This is the last article you can read this month
You can read more article this month
You can read more articles this month
Sorry your limit is up for this month
YOU have to be fit to be a member of the Pedal4Progress cycling team.
These are cyclists with a mission. In the past they’ve cycled from London to Paris for the L’Humanite festival — that’s a political and music gathering organised by the French Communist Party newspaper which attracts a million celebrants.
They’ve cycled from Prague to Berlin to revive a historic “Peace Race” which originally took place at the height of the cold war. They’ve cycled up hill and down dale across most of England.
Most of their marathons are staged to raise funds for the Morning Star.
On Wednesday September 5, they will set off from the National Coalmining Museum of England, which is at Caphouse colliery outside Wakefield, in what used to be the heart of the Yorkshire coalfield, and they’re heading for Dortmund in Germany.
They’ll be taking with them a miner’s lamp. Having set off from England’s mining museum they’ll be visiting Germany’s museum of mining in Dortmund and presenting the lamp as a gesture of solidarity between British and German miners.
The mission will be the group’s sixth cycling marathon, driven by political passion, love of the Morning Star and commitment to international solidarity.
The main organiser of the group is Les Doherty who, as we say up here in Yorkshire, is as fit as a butcher’s dog.
They call these annual events “editions,” and Doherty says this is their “sixth edition.”
Doherty explains: “Pedal4Progress is a loose collective of Morning Star readers and supporters led by some Communist Party members in Manchester, Merseyside and London who have captured the surge in cycling’s popularity in Britain to principally help raise funds and circulation figures for the Morning Star — Britain’s only daily newspaper of the left.
“In addition to the Morning Star, the group has also helped raise money for other progressive organisations and worthy causes through the annual cycling challenge, including the Working Class Movement Library in Salford.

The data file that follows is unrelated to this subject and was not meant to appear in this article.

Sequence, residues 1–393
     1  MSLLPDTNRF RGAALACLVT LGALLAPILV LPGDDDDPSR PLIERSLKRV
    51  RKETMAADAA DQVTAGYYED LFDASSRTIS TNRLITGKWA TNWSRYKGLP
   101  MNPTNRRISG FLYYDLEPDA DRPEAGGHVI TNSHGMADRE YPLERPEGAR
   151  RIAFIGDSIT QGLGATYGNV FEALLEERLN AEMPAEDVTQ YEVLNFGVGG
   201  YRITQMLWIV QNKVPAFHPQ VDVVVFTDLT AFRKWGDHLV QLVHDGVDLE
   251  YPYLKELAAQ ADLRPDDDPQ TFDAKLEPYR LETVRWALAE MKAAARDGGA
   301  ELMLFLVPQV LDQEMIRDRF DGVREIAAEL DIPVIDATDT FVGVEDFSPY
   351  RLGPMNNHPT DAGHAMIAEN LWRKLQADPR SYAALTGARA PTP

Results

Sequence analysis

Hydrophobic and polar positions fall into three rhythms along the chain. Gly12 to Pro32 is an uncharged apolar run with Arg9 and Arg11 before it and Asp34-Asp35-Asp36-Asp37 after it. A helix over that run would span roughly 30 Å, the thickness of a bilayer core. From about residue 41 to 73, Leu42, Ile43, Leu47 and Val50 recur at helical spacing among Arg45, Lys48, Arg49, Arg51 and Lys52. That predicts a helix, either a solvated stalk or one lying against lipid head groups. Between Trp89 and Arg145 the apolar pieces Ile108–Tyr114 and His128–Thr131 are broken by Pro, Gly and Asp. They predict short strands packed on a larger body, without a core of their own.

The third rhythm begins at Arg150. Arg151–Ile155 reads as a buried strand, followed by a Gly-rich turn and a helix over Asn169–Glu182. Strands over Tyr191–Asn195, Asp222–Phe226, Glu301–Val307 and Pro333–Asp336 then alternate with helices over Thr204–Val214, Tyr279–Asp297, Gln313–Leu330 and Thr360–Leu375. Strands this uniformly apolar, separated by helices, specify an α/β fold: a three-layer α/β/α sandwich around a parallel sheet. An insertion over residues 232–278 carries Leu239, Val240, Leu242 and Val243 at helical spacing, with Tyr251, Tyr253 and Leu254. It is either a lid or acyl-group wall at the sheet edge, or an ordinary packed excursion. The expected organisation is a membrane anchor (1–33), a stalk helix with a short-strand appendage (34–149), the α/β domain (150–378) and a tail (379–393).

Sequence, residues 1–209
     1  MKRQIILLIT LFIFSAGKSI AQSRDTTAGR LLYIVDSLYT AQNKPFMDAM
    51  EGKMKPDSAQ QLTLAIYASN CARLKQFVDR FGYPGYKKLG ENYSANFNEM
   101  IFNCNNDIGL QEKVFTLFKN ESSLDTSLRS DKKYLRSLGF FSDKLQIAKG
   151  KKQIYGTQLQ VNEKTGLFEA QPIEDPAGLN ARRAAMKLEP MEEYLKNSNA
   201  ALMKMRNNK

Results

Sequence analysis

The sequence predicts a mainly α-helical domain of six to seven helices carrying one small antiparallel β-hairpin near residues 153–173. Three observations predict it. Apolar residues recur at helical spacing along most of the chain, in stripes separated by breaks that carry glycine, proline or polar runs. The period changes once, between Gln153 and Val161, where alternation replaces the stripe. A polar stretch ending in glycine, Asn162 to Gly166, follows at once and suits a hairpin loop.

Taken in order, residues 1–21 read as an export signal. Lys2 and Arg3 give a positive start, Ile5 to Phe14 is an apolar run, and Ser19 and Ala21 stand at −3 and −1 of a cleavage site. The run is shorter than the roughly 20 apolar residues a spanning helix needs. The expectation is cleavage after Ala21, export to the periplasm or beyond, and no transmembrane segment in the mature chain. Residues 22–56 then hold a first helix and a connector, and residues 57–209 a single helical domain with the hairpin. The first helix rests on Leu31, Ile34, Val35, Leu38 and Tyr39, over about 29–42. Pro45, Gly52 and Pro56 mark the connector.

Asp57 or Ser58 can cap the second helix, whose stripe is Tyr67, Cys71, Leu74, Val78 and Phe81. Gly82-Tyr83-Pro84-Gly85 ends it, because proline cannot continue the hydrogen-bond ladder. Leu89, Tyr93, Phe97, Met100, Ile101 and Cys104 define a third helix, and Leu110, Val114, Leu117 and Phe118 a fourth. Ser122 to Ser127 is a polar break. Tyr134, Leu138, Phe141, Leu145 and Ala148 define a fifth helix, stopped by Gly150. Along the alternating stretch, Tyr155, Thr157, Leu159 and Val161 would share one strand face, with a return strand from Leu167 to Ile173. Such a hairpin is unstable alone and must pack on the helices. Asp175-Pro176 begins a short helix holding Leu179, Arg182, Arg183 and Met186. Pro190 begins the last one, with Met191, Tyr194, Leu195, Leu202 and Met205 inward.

“So why cycling?” Doherty asks. “’Socialism can only arrive by bicycle,’ said Jose Viera-Gallo, and the British communist movement has a long association with this machine, including its own Spartacus Cycling Club during the 1930s, which was active in working-class areas.
“The recent successes of Team Sky and British-based riders in the pro-peloton have seen huge increases in cycling. From increased numbers of weekend warriors involved in cycling clubs up and down the country to the more casual rider, cycling has become a fast growing mass participation sport.
“It is with this in mind that Pedal4Progess seeks to take our Marxist outlook into life’s peloton and involve cycling enthusiasts in shaping the working-class response to the crisis of capitalism.
“We understand that while socialism can arrive by bike, it can also depart by guns and tanks, and the gains made by workers and their organisations need to be protected and advanced in the cause of the labour movement.
“We believe the Morning Star remains an effective driver for this challenge in Britain and through our cycling challenges intend to make sure they have the resources to continue in that role.”
The team did its “first edition” fundraiser in 2013 by riding from Whitehaven in the north-west of England to Tynemouth in the north-east.
It was a 240km (180 mile) coast-to-coast ride which Doherty describes as “casual and inclusive.” (I’m out of breath just thinking about it.)
In 2014 the team set out from the Morning Star’s William Rust House headquarters in London on a four-day 425km ride to Paris and the annual fete L’Humanite.
“Not only did we help raise the paper’s profile and finances, we also delivered a special French-English edition of the paper which was distributed free to festival-goers,” says Doherty.